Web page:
Restoration of Capitation Grant Campaign Report
11th September 2018 | News, What's New
As you are aware, CPSMA and the other primary education management bodies have been campaigning over the last number of months, seeking the restoration of the capitation grant to pre-financial crisis levels, i.e. €200 per pupil. The timing of the campaign was to secure political attention to the issue and thereby make it a priority for Budget 2019 as most of the larger budgetary decisions are taken during this part of the political calendar.
CPSMA has contribution to the campaign in a number of ways. In April, CPSMA General Secretary, Seamus Mulconry, met with a group of principals from the Dublin area, providing guidance on the ‘how-to’ of lobbying TDs and information on the issue. This ‘ground-up’ element to the campaign was critical as primary school communities are influential, with principals in particular being understood by politicians as potentially strong influencers in their communities.
CPSMA commissioned a Grant Thornton Report on primary school finances. This found that the State was meeting only 53% of the running costs of a school. Over €46 million per year is being contributed by parents or through other fund-raising initiatives. This report received significant media coverage, both in broadcast (RTÉ, Newstalk) and print (Irish Independent, Irish Times, Irish Examiner) media. The campaign also received significant coverage in local news media, the latter particularly focused on local TDs’ support for the campaign (e.g. see here and here).
In May, CPSMA, along with all of the other management bodies, created and promoted a short video to support the campaign:
The video was widely shared on social media, gaining over 120k views. Several TDs and Senators referenced the video and commented on the contents.
The work by principals and chairpersons of primary schools began to bear fruit in May, with TDs and Senators from Fine Gael, Fianna Fáil, Sinn Féin, the Green Party and the Labour Party entering the debate and supporting increased funding for schools. Most of the debate in the beginning came from the Dublin area but laterspread out ot the rest of the State.
The matter has been raised in the Dáil, including a Topical Issue debate and several written Parliamentary Questions from TDs. It has also been raised in the Seanad. There has been significant engagement in the debate by politicians from the entire political spectrum. This would not have happened without the engagement of politicians by schools in their area.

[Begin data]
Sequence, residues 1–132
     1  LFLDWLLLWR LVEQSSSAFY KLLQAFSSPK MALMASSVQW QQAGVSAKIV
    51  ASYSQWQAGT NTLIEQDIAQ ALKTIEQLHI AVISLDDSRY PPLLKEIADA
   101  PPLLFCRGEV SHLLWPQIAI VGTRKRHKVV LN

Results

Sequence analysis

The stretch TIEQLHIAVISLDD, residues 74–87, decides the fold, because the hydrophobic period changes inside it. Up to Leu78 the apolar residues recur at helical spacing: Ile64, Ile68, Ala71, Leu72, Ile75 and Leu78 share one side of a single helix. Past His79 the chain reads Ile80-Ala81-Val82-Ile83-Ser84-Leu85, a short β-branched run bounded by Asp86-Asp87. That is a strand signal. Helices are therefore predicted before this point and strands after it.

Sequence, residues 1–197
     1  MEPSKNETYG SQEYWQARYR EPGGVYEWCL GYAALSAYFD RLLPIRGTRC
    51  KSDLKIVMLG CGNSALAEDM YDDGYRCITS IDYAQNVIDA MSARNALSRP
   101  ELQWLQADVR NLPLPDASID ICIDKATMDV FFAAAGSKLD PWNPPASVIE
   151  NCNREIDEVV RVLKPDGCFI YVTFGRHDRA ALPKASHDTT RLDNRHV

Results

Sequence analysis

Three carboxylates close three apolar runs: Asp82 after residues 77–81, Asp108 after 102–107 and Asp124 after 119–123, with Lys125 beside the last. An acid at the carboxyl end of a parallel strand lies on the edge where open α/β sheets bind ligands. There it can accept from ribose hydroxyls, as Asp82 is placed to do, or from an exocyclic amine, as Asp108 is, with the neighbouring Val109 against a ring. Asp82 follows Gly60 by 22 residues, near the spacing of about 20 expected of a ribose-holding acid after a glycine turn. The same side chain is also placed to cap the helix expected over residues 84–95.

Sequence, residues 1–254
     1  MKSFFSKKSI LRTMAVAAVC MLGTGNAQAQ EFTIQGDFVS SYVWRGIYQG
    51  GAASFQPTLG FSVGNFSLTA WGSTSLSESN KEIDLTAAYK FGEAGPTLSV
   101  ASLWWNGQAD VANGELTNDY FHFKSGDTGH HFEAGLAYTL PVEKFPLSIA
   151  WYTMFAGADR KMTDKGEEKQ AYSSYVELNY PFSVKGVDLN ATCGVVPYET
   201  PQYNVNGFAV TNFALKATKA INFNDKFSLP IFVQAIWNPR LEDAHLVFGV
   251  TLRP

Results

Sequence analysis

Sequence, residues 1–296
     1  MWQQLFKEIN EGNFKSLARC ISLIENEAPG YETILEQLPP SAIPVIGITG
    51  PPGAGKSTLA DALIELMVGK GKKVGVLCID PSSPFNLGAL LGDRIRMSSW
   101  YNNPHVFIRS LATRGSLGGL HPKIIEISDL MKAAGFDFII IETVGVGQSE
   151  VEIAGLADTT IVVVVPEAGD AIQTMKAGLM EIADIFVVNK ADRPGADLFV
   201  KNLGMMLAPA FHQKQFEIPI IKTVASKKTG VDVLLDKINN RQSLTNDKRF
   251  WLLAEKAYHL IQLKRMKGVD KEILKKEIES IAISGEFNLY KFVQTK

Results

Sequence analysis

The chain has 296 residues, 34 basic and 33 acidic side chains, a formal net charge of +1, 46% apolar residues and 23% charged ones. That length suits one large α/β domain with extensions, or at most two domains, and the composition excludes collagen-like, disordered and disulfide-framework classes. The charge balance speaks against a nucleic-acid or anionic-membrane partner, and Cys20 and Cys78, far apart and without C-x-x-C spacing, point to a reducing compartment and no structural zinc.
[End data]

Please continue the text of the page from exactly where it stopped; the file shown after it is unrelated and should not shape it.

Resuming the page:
The Leader of Fianna Fáil, Micheál Martin T.D., raised the issue of capitation grant funding for primary schools during Leaders’ Questions in June of this year.
During the last week in August, Seamus Mulconry again appeared in front of the Joint Oireachtas Committee on Education and Skills, explaining the urgent need for increased funding for primary schools. Extracts from his contributions are below.
An example of this local engagement, which has been particularly successful, has been the campaign by the Diocese of Kildare and Leighlin. The diocese straddles five Dáil constituencies and breakfast briefings were arranged in schools in all five areas during the month of June. Principals, chairpersons and politicians from the local area were invited to attend and received a briefing on the issue from representatives of the diocese, a member of the CPSMA secretariat, and from the principals.
The majority of TDs from the five constituencies attended and to raising the issue in their respective parliamentary party meetings. This initiative by the Diocese of Kildare and Leighlin demonstrated the latent significant lobbying influence that the school-network represents.
With only a month to go until the Budget, CPSMA will continue to work with the other management bodies to secure an increase in funding for primary schools.
There is an opportunity for one final push to secure this increase and CPSMA encourages its members to contact their local elected representatives to ask them to support this campaign. It is important that the urgent need for this increase is communicated to as many TDs as possible in the coming weeks.